Alienation and Exploitation
Marx’s theory of alienation and exploitation in labor is clearly portrayed throughout Charles Chaplin’s film “Modern Times”. The film, which takes place in the era of post industrial revolution, is set in the factory of the “Electro Steel Corporation”. The story portrays the demanding life of a factory worker, played by Charlie Chaplin, who’s job is tightening nuts onto a piece if metal as it moves down the assembly line. There are many factors of Karl Marx’s forms of alienation and exploitation in the workplace shown through the tedious and constant fast-past working style that Chaplin shows in his film. Also the many consequences of the poor working conditions is portrayed throughout the film. The assembly line lifestyle that workers were forced to live leads Chaplin’s character to eventually suffer from a nervous breakdown. Chaplin’s character in Modern Times is an ideal portrayal of Marx’s theory of the division of labor and how it causes workers to be alienated and exploited in the work place. The first scene of the film shows a huge clock with Charlie Chaplin hanging onto it, which seems to be a clear symbol that people in an industrial society live under a mechanically made measurement of time. This seems to be a great example of the phrase "Time is money”. We live our lives by the clock and by the clock that the bourgeoisie, or the company owners, make for us. We are constantly given deadlines and a strict schedule to follow to ensure that we are making the bourgeoisies as much money as we can. There are many other factors of the film that tie into Marx’s theory of capitalism, alienation, and exploitation of the working class. One example in particular is the machine. As shown in the film, Chaplin is working on an assembly line and all he does all day is tighten screws on metal boards that pass by. As stated by Jorn Bramann, “Like those of his fellow-workers beside him, his...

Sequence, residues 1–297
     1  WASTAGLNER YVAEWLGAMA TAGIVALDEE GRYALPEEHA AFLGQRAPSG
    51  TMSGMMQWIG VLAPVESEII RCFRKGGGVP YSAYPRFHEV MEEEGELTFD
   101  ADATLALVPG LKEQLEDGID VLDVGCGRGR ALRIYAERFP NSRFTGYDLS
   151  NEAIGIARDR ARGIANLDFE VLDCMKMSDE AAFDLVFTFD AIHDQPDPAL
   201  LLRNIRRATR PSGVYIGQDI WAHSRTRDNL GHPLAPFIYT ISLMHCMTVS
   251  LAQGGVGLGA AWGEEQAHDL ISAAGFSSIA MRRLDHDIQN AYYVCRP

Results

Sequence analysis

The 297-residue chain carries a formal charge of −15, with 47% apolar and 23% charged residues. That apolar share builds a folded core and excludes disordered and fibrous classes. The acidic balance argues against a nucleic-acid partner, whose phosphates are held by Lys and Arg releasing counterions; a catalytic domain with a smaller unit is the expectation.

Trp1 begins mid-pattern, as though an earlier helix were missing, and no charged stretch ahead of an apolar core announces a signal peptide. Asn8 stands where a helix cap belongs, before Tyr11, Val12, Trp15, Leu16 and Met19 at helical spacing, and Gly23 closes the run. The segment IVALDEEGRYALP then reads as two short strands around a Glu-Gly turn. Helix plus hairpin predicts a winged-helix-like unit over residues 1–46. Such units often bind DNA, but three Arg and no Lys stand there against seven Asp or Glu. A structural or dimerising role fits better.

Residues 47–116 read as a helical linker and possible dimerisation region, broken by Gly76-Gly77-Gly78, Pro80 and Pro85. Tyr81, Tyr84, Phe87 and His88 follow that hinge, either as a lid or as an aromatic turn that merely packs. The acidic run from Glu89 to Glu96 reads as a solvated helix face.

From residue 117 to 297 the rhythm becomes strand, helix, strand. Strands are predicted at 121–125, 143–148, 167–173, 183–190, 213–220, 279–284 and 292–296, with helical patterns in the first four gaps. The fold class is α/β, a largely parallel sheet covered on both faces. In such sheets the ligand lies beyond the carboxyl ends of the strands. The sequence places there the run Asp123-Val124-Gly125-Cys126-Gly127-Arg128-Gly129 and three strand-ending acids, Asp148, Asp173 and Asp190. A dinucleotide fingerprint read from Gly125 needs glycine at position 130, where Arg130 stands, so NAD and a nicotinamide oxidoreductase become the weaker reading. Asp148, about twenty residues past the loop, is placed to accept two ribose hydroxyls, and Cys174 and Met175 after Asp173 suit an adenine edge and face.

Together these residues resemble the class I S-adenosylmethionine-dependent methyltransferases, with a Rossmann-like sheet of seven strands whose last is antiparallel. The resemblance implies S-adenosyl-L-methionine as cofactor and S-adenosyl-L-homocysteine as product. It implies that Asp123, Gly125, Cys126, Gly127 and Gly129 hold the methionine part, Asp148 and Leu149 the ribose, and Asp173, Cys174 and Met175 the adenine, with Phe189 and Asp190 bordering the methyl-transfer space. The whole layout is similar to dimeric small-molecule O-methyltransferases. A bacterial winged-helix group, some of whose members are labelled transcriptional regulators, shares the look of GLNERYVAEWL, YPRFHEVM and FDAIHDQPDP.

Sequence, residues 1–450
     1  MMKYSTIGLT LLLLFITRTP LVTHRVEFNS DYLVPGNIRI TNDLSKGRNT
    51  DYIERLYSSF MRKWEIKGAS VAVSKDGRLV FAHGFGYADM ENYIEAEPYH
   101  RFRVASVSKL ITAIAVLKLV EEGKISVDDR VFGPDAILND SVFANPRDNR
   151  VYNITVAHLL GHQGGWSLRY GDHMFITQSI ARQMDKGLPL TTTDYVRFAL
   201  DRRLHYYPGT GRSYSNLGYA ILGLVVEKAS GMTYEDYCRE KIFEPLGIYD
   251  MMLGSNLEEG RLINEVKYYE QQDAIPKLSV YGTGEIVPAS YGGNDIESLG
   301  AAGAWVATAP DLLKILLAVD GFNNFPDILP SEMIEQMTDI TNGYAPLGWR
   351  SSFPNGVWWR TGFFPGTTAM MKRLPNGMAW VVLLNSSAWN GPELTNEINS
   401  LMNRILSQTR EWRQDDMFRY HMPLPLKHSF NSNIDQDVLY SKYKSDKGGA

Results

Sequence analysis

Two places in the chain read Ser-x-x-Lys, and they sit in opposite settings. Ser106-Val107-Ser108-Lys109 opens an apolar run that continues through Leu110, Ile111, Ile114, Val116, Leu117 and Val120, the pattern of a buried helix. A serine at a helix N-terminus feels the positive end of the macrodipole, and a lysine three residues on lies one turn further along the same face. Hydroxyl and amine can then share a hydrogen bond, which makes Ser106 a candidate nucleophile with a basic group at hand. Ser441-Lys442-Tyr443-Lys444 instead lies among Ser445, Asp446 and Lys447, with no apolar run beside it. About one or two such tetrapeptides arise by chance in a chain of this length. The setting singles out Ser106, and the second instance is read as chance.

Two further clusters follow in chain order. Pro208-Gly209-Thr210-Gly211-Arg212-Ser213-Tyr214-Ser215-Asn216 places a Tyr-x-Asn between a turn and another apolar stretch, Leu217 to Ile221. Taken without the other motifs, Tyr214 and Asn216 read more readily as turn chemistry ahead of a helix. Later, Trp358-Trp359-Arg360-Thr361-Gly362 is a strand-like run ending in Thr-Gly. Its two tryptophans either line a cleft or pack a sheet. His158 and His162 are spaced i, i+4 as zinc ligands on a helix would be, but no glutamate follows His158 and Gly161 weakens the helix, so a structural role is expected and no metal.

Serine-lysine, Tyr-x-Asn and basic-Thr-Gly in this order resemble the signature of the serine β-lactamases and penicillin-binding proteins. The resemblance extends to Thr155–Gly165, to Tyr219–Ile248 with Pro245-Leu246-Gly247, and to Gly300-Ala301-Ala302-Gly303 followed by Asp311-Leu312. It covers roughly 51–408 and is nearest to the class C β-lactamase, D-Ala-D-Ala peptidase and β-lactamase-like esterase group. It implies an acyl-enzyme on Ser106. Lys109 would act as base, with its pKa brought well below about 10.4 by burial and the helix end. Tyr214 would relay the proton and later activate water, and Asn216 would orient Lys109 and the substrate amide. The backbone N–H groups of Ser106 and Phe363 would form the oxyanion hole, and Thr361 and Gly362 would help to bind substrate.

Please join StudyMode to read the full document